¶ 6. After closing arguments, the circuit court submitted the case to the jury for deliberations. Shortly thereafter the jury returned a guilty verdict. Hales was sentenced and subsequently filed a motion for a new trial, or in the alternative, a motion for judgment notwithstanding the verdict. The circuit court overruled Hales' motions. Hales now appeals to this Court.
I. MOTION FOR MISTRIAL
¶ 7. Prior to commencement of the trial, Hales' counsel motioned the trial court to exclude any items other than the cocaine that was recovered in Hales' apartment. The following relevant communications took place pretrial:
DEFENSE COUNSEL: One brief thing, there's-I see that there is several things that Mr. Van Syckel has in his possession that was [sic] recovered pursuant to the search warrant. My client is charged with possession of 5.71 grams of cocaine. I would move the court for an order prohibiting the State from introducing anything else that was a fruit of the search warrant other than the cocaine which he's on charge for here today.
PROSECUTION: Well, Your Honor, there's the cocaine.
TRIAL COURT: If it's not pursuant to the search warrant, what was identified to be searched for, we all know that can't be brought in. If it's something that they went there to find, if there's other contraband-
PROSECUTION: It will all be related to cocaine, Your Honor, but so the Court will know, they found the cocaine and then they found two razor blades, which are used to cut cocaine, that the crime lab will identify as razor blades with cocaine residue. That's the only other thing that was found.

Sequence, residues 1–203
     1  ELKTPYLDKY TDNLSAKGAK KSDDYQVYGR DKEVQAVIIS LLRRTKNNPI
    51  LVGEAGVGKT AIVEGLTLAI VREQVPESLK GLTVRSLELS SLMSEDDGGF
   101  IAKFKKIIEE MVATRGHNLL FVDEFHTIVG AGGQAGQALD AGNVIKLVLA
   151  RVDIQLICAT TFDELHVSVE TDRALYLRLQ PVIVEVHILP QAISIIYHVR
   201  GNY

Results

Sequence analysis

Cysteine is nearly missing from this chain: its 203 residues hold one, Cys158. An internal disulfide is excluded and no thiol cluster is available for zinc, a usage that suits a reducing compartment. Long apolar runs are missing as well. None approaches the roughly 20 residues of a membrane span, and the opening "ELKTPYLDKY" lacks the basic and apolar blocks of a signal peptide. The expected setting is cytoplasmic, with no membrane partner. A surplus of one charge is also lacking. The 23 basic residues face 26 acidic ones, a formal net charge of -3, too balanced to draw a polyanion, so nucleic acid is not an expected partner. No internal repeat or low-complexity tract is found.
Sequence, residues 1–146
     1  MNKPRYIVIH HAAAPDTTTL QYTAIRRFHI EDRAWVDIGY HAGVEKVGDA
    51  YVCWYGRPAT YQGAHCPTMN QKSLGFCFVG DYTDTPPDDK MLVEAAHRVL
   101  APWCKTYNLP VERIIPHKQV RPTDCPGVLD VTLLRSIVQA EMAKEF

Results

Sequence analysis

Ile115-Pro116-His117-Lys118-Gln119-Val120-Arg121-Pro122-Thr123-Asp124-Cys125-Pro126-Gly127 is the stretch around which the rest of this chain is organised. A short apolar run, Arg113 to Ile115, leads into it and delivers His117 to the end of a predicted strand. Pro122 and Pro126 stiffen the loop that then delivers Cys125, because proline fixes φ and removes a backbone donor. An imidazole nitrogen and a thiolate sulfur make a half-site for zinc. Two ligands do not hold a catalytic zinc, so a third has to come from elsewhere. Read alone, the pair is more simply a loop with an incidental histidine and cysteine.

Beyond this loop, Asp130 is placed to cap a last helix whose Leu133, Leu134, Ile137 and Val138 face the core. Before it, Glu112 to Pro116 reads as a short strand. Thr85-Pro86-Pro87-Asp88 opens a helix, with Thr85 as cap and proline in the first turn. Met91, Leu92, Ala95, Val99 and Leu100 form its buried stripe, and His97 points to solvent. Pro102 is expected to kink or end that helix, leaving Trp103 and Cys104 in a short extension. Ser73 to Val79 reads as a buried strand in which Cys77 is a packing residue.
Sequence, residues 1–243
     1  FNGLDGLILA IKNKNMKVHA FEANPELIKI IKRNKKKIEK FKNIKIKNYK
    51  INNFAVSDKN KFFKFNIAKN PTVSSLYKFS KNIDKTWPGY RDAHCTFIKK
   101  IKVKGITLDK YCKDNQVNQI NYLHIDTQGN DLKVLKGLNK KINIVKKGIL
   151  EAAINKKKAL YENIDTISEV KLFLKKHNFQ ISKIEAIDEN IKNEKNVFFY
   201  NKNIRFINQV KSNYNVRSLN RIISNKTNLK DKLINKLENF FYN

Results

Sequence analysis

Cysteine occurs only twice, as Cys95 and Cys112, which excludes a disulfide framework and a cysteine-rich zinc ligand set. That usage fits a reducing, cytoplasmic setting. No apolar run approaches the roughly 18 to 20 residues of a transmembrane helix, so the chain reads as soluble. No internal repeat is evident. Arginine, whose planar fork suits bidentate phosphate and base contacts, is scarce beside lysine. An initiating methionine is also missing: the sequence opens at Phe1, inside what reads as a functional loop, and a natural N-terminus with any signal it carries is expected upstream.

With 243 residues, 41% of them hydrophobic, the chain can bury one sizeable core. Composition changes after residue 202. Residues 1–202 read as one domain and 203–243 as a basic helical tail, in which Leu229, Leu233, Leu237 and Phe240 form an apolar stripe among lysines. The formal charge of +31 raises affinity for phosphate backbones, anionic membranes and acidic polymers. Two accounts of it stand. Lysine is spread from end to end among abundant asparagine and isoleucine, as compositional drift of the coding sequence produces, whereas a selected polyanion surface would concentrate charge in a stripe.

DEFENSE COUNSEL: There's also marijuana that was found.
PROSECUTION: We're not getting into that.
TRIAL COURT: Okay. Well, let's go then.
¶ 8. This pretrial discussion left Hales, not unreasonably, with the impression the district attorney would not divulge any evidence of the presence of marijuana to the jury. However, during the direct examination one of the narcotics officers the district attorney admitted a color photograph into evidence which depicts a razor blade, a cell phone, a bottle of beer, a bag of cocaine, and what appeared to be a small plastic bag of marijuana. Hales' attorney insists he was unaware the color photograph contained marijuana because the prosecution submitted a black and white copy of the photograph during pretrial discovery. Further, defense counsel maintains the poor quality of the black and white copy rendered an indecipherable image of the bag of marijuana at issue. Moreover, Hales' defense counsel maintains the only time he saw the color photograph was prior to its admission into evidence. Hales' counsel did receive a disc, which would have revealed the color photo at issue had counsel had it printed. Hales' counsel did not print the color photo.